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Goodness me, this one gave me some problems and took me over an hour for the third consecutive day this week. Right at the outset I fell literally into a bear-trap (probably of my own making rather than one intended by the setter) and never really recovered because it put me on the wrong course for several other clues. Even when I sorted out the mess my confidence was shot to pieces. But for all that, once again this week we have a very fine puzzle. For anyone noticing that I am posting somewhat later than in recent weeks, no, I have not been struggling on this since midnight; I went to bed at a sensible hour and then got up very early.
Across
1PARADIDDLE - A RAP (a popular music - rev) + DIDDLE (do). It's a sequence of strokes in drumming.
7BEAR - Double definition. 'Hack' = 'bear' as in to tolerate, manage or cope with something. Putting 'jade' (an alternative double definition) here as my first answer in the grid gave me endless problems q.v. 7dn. A veritable bear-trap!
9BROKEN IN - ROoK (bird half-heartedly) inside BENIN.
10COWARD - RAW (not cooked - rev) inside COD.
11SHOWER - Double definition. The one meaning 'worthless group' reminds me with joy of the wonderful Terry-Thomas as the Major in 'Private's Progress' (1956): "You're an absolute SHAAAR!".
13IDEALIST - Anagram of 'sailed' inside 'it'.
14FRONT OF HOUSE - In a theatre this is everything on the audience side of the curtain as opposed to 'backstage'.
17CRACKBRAINED - CRACK (go) + BRAIN (head) + ED (man on newspaper). 'Out to lunch' is slang for 'unbalanced' or 'stupid'.
20INVEIGLE - Anagram of 'living' and EasE.
21ARGOSY - lARGO (heading off slowly - in music) + SlowlY.
22MANTUA - MA (graduate - Master of Arts) + NT (books - New Testament) + U + A. It's a 17th century gown named from the city in Lombardy.
23NOTIONAL - 'National' (citizen) with one of its As (American capital) replaced by 0 (love - tennis).
25Double definition deliberately omitted.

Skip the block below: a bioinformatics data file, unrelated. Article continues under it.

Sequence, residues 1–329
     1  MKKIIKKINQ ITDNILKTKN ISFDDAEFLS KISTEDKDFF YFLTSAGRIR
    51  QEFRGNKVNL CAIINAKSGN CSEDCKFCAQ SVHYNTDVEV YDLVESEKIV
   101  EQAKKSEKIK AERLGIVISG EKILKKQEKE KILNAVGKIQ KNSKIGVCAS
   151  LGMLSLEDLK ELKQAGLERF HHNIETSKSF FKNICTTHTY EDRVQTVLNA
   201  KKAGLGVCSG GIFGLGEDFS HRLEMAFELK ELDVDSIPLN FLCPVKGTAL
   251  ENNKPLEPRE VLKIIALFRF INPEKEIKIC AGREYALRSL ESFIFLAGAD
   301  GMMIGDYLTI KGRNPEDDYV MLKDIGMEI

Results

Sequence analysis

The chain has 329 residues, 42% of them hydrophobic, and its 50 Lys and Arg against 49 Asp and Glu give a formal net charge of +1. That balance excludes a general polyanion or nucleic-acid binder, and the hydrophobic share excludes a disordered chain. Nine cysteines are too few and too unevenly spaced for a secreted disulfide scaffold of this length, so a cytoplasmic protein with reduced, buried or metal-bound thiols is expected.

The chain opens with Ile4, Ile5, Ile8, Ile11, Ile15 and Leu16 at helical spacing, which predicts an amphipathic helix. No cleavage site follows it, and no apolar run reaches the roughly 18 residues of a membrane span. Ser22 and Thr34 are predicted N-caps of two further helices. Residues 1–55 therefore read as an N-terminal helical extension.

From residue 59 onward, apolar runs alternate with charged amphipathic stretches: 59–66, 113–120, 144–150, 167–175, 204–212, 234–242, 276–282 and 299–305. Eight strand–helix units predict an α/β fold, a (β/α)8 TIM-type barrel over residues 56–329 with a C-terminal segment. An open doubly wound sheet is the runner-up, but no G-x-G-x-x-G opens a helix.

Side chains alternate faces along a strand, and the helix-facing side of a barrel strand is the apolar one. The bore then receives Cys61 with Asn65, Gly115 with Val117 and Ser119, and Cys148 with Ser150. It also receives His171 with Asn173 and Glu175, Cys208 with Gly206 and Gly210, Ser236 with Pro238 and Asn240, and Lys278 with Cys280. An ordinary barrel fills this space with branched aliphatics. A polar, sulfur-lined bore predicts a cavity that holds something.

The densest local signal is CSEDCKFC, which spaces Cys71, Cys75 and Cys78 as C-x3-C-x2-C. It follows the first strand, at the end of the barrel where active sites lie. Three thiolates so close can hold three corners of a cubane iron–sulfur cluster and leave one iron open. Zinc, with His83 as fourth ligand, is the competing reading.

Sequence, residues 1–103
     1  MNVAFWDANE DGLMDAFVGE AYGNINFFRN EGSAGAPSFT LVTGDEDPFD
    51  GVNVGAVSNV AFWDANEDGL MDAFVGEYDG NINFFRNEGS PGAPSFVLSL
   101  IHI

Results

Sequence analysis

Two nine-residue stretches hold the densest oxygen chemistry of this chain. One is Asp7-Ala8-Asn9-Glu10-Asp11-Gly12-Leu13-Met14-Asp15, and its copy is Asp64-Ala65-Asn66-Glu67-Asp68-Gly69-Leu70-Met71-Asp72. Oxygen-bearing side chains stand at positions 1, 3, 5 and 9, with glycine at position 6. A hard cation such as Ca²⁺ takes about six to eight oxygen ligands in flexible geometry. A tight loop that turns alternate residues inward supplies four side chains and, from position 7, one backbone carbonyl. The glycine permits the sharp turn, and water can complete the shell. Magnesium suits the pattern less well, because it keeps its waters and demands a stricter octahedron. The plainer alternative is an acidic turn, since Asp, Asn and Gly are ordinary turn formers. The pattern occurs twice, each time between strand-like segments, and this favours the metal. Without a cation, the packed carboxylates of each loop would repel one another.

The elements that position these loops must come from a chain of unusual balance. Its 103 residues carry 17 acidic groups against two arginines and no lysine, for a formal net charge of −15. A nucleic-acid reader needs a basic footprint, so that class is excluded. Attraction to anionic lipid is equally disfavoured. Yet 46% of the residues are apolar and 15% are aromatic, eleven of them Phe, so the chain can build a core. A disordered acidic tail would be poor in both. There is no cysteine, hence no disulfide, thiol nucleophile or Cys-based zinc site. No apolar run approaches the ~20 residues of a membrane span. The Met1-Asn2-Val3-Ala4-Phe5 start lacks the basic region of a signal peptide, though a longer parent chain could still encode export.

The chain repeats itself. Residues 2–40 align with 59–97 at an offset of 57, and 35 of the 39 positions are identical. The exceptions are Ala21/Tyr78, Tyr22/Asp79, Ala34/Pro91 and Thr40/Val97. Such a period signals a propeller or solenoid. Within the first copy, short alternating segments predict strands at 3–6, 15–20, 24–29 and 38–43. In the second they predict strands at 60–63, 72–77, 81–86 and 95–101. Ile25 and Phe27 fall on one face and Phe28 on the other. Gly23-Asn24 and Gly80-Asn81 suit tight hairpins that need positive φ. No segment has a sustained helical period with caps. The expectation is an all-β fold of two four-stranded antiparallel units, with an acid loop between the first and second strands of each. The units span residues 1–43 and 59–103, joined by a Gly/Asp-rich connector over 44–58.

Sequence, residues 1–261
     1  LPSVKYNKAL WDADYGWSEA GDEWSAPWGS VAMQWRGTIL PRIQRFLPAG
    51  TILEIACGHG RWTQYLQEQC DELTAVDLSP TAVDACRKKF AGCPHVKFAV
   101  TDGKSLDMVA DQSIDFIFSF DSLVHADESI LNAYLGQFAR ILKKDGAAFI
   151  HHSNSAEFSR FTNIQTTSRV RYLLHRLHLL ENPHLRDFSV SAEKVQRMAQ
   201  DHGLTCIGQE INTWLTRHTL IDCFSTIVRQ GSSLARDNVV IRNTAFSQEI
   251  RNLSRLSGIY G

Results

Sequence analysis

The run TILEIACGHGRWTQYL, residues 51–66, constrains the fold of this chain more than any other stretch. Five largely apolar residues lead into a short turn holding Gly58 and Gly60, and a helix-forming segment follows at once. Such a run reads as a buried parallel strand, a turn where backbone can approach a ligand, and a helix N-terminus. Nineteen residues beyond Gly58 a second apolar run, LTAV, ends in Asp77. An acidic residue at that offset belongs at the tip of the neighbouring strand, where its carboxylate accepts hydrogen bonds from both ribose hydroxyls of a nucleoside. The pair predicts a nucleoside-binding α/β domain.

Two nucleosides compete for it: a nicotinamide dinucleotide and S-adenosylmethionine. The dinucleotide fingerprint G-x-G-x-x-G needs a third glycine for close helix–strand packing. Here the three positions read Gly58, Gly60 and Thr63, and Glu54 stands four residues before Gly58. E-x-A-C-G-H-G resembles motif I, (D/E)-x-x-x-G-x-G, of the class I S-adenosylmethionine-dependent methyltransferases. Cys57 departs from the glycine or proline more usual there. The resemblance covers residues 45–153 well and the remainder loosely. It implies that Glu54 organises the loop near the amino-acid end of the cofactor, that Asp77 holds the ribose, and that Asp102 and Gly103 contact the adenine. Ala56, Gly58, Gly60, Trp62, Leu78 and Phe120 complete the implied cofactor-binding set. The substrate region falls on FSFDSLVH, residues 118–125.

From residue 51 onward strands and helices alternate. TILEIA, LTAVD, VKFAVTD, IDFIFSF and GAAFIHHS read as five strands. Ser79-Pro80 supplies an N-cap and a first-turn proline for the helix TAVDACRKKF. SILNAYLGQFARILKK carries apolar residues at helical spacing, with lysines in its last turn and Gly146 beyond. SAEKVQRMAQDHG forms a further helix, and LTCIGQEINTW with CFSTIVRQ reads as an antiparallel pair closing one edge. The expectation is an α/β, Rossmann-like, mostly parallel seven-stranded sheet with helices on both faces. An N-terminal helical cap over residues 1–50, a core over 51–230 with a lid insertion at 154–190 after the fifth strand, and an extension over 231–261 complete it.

26ENTICEMENT - twENTIes (two couples in mid twenties) + CEMENT (bonding).
Down
2AYRSHIRE - IRe (endless anger) inside anagram of 'her say'. Last blog I had Angus cattle as the first Down answer; today it's a different breed.
3AUK - A+UK. Stumped me for ages! Finland, Norway, Sweden? What other countries are there in NW Europe?
4INNER - dINNER
5DONNISH - NNI (pub - rev) inside DOSH (money). Wasted ages trying to think if 'mash' might be slang for money.
6EXCHEQUER - Sounds like 'ex-checker'.
7BEWILDERING - WILDER (rather extravagant) inside BEING (creature). So having convinced myself that 7ac was 'jade' I had J?W?????ING here and came up with 'jawdropping' for 'stunning' which seemed perfectly reasonable, give or take a hyphen, until I tried to untangle the wordplay. Many a moment was lost here.
8I'm deliberately omitting this Down clue.
12WINDCHEATER - WIND (turn) + C (cold) + HEATER (radiator?).
15ORANGEADE - Anagram of 'an edge or a'.
16MESSIAEN - MESS (jam) + I hAvE + N (new). Olivier of that name, 1908-1992, was a French composer, organist and ornithologist. I'm glad the setter didn’t require us to know his third claim to fame.
18KEEPNET - TEN PEEK rev.
19INMATE - IN (ruling,  'in power') + MATE (China plate - CRS).
21ARTIC - ARTICulate (say clearly stopped half way).
24OHM - H (Henry - unit of inductance) inside OM (high honour - Order of Merit).

Comments

keriothe
Mar. 9th, 2012 10:53 am (UTC)
25 minutes, but after a couple of minutes agonising over whether to put in the slightly more likely-looking word (MANTUA) or follow the more standard wordplay (BANTUA) I plumped for the latter. Usually this is a good principle, but not today. Naturally I think this clue slightly unfair but I seem to be the only one to have fallen into this particualar 7ac-trap.
Tricky but high-quality puzzle this. Fortunately I vaguely remembered PARADIDDLE from a brief spell trying to learn the drums as a youngster. I stopped after a few months, much to the relief of my parents.
ulaca
Mar. 9th, 2012 10:59 am (UTC)
But there isn't a city called Bantua that I'm aware of, and MA seems fine for 'graduate', especially since post-graduate (and not all MAs are) would be a bit of a giveaway. :D
keriothe
Mar. 9th, 2012 11:08 am (UTC)
I don't disagree with any of that: as I say MANTUA looked much the more probable word and this is why I hesitated. Generally though I have found that favouring my sense of what looks like a proper word leads to mistakes.
oliviarhinebeck
Mar. 9th, 2012 02:19 pm (UTC)
This is where a familiarity with the oeuvre of Georgette Heyer comes in handy. The mantua-maker (I think it's a corruption of manteau) is always dunning milady whosit for not having got around to paying her dressmakers' bills. Greatly preferred this to yesterday's and cantered in at about 34 minutes.
falooker
Mar. 10th, 2012 07:25 am (UTC)
Snap! For some reason your post wasn't up when I replied or I wouldn't have replicated your comment. Aint it good to know that there's a few Heyer enthusiasts here? I friend of mine is going through a very stressful time and is rereading the entire oeuvre in chronological order to cheer herself up. Yesterday she was on "Pistols for Two" - one I would have missed but she's a completist!
falooker
Mar. 9th, 2012 06:42 pm (UTC)
Re: MANTUA. You should read Georgette Heyer. She's great on obscure historical garments. Also, I think I've come across "Mantua-maker" as a kind of ladies' dressmaker in ye olden days. Nice to have a few clues where we ladies have the advantage!